We’ll see. I will keep you posted.
Next, here’s the best article I’ve read on when to begin taking Social Security benefits:
Social Security at 62? Let’s Run the Numbers
by John F. Wasik
For many retirees, Social Security benefits are seen as hot money on the table, to be devoured as soon as possible. But as with preparing and savoring a fine meal, a careful approach and delayed gratification may yield the highest rewards from the program.
Many financial planners advise that you wait as long as possible before receiving benefits. Despite this, a sizable number of Americans who have reached 62 — 41 percent of men and 46 percent of women — apply for Social Security at 62, the earliest age at which you can take payments. The way Social Security works, this will lock in the lowest possible payment for life.
The “early” approach works if you need the money immediately. A lot of people, especially the millions who haven’t saved much, do need it. But the decision would penalize you over time. You would be passing up a progressively higher benefit available in each of the next eight years. This period includes when you reach what Social Security calls your “full retirement age” — 66 for those born between 1943 and 1954, as old as 67 for later arrivals — and what might be called a bonus period after that, ending at age 70.
Individual dollar totals over the course of a retirement are never easy to predict, but unless your current health prognosis is gloomy, the longer you expect to live, the more sense it makes to delay benefits.
If your full retirement age is 67, then by receiving Social Security at 62, you take a haircut on potential future payments of 30 percent compared with a 6.7 percent reduction at 67. For those waiting until age 70, Social Security offers an 8 percent yearly rate of increase in payments (not including cost-of-living adjustments) over taking benefits at 62. That easily beats what you would earn in government bonds these days.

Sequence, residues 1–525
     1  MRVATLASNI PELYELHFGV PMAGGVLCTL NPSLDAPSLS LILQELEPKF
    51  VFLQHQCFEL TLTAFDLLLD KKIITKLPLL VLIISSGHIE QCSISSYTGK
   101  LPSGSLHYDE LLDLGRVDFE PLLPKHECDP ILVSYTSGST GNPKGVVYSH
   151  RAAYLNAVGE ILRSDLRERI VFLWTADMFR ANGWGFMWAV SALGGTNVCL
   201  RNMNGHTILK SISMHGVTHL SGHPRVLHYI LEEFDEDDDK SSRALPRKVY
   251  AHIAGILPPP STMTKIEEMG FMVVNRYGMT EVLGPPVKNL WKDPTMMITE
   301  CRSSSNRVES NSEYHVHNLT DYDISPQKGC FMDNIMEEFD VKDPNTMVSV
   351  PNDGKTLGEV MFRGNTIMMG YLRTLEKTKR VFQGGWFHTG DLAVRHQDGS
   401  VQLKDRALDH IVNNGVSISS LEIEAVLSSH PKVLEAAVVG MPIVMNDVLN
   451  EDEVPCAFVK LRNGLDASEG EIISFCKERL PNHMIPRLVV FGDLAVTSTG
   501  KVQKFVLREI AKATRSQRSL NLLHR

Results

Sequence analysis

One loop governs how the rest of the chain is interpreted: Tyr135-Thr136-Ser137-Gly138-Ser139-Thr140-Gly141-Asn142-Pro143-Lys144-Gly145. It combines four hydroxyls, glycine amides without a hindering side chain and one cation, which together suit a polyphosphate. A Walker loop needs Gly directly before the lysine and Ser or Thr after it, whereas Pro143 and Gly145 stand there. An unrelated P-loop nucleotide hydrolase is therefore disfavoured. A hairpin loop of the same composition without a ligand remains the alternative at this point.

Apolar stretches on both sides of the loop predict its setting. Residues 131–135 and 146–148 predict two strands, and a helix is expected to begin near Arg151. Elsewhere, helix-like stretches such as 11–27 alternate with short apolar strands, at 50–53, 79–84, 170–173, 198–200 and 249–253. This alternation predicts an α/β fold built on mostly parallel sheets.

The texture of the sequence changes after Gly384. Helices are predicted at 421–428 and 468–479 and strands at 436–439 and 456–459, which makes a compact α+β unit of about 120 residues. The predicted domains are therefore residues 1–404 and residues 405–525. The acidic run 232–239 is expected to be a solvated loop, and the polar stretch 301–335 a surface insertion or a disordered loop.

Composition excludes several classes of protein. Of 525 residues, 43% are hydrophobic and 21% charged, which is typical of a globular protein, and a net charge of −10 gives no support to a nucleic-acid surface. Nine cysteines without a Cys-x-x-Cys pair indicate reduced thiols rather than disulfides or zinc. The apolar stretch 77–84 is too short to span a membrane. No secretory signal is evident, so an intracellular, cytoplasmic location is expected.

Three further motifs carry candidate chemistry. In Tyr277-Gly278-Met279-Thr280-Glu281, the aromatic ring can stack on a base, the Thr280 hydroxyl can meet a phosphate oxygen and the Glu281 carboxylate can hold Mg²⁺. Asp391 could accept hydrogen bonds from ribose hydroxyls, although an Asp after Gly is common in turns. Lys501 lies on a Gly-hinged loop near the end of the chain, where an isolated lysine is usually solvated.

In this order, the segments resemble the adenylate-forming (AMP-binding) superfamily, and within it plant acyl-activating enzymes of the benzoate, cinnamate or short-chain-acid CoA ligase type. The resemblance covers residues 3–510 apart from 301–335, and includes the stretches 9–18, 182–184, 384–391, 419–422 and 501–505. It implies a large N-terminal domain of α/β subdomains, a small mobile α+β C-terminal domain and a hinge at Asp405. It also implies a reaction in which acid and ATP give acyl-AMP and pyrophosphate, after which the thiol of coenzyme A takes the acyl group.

The “wait to take” strategy makes even more sense when you consider longer life spans. On average, women reaching age 65 today can expect to live to age 86 and men to 84, according to the Social Security Administration. About a quarter of this group will live past 90. If you’re relatively healthy and there’s longevity in your genome, you’ll probably need the extra money.
Then there is the cost-of-living adjustment, making Social Security one of the few inflation-adjusted retirement benefits around — at least for now. But keep an eye on Washington: Several proposals have been floated to trim the cost-of-living adjustment, though none have made it through Congress and all are likely to be extremely unpopular among current retirees and near retirees.
Prof. Richard H. Thaler, the University of Chicago behavioral economist and Sunday New York Times columnist, said that with most people claiming Social Security benefits within a year of eligibility, “they are passing up a chance to increase the most cost-effective way to get more inflation-protected annuity income, which is to delay claiming. For those who are strapped for cash, it may be better to start drawing down their 401(k) assets sooner and keep building up their Social Security credits.”